"Benjamin J. Tilly" <ben_tilly / operamail.com> writes:


[...]

> >Second, as far as I know[1], "." is used in C++, Java, Python, Beta,
> >Cecil, Delphi, Eiffel, Sather, Modula-3, Visual Basic, Icon, whereas "->"
> >is only used in Perl, PHP and C++. Thus, Henry's argument that "." is
> >unknown to programmers is false.
> >
> What do you mean by "use"?

What operator is used by languages to 'call' a method on a given receiver.

 
> Both "." and "->" are used in C.  "." to access a field in a struct,

Let's limit to the method invocation operator in OO languages.

> and "->" to access a field in a struct through a pointer.  I believe
> that any C-derived language should preserve this basic usage.  The
> choice of "." or "->" for method calls should reflect your concept
> of what an object is.

Not when identifiers are indeed references to objects, think Java and
Ruby. Namely, don't think C, C++ or Perl.

> For instance Perl's objects are references (ie Perl's version of
> a pointer) and OO operations operate through dereferencing.
> Therefore it uses "->" for method lookups.  This analogy goes very

Actually Perl 5 needs to separate references to arrays and hashes, to
"real" arrays and hashes, thus they have the similar problem to C/C++ and
they've solved it the same way.

> far.  For instance when you bless, the thing referred to is what is
> blessed, and is what the method lookup will happen on.  (Yes, I
> know perfectly well the string concatenation operator issue that is
> usually quoted.  I am ignoring it on purpose.)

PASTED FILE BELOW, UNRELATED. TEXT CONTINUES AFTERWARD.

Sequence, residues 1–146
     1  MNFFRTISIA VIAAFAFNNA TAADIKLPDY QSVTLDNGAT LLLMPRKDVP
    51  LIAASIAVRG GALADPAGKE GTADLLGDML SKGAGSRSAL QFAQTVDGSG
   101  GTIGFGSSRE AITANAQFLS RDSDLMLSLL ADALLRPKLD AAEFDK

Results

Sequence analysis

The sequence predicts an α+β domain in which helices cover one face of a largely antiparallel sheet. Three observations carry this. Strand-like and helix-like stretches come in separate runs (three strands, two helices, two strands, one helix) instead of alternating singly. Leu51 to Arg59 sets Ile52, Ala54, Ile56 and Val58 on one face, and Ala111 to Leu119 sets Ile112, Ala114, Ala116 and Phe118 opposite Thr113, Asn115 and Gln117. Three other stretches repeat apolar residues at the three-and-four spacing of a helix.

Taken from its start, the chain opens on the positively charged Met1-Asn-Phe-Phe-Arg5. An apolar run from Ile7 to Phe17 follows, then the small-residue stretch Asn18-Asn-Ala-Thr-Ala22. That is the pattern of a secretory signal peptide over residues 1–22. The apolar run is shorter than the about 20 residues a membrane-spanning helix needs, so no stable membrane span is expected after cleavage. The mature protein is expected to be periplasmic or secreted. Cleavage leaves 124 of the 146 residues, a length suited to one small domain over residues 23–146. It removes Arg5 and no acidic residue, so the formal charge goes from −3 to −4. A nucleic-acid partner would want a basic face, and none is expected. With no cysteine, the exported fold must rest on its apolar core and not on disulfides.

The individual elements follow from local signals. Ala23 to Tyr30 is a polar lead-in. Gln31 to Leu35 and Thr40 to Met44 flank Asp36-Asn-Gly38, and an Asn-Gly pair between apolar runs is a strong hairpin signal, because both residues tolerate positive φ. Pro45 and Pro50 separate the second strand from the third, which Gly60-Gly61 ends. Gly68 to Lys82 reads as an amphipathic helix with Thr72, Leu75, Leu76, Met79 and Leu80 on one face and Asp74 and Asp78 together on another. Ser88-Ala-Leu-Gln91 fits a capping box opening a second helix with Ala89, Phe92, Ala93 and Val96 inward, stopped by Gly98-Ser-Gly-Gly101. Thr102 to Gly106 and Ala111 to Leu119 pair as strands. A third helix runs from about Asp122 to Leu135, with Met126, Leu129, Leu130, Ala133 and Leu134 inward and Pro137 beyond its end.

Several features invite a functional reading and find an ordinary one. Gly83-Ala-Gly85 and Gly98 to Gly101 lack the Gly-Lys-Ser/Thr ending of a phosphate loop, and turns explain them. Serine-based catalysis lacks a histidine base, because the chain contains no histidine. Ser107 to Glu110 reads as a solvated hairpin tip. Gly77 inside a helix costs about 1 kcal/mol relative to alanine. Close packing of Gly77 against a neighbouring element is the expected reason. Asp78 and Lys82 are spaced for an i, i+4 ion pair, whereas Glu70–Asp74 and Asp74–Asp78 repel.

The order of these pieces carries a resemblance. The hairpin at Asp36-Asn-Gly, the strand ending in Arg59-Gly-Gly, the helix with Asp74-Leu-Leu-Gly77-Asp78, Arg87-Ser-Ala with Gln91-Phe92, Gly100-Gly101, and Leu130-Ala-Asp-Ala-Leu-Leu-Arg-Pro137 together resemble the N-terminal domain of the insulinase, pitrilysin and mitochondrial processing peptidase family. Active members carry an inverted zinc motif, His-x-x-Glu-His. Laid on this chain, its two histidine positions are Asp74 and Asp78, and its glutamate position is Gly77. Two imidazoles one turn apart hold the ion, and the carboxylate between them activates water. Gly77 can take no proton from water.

> 
> As of Perl 6 they will be making an effort to drop most of the
> dereferencing that you used to do.  Part and parcel of this is that
> Perl will drop the "->" syntax and switch to ".".

Good trend. Let's stick to what matz already decided because that was
already the good decision.
 
> Given that in Ruby all things are objects, and Ruby does not
> encourage people to think in terms of explicit dereferencing, I
> absolutely believe that it should use a ".".  Not due to the fact

Yes. That's actually the trend for references-only based objects, and the
principle of least surprise comes up here, together with what's most used
by OO languages currently in use as I tried to show. And it's easier to
type in, as I also said :-).

> that programmers are used to seeing method calls written that way,
> but because the syntax tells people something about what the
> language's model for an object is.

The syntax doesn't tell anything here, or I failed to understand the
bottom line: using only "." doesn't tell anyone that we're using only
objects, or only references to objects. It just tells that we're not
enjoying two ways of designation of objects.


-- 
Guillaume Cottenceau - http://mandrakesoft.com/~gc/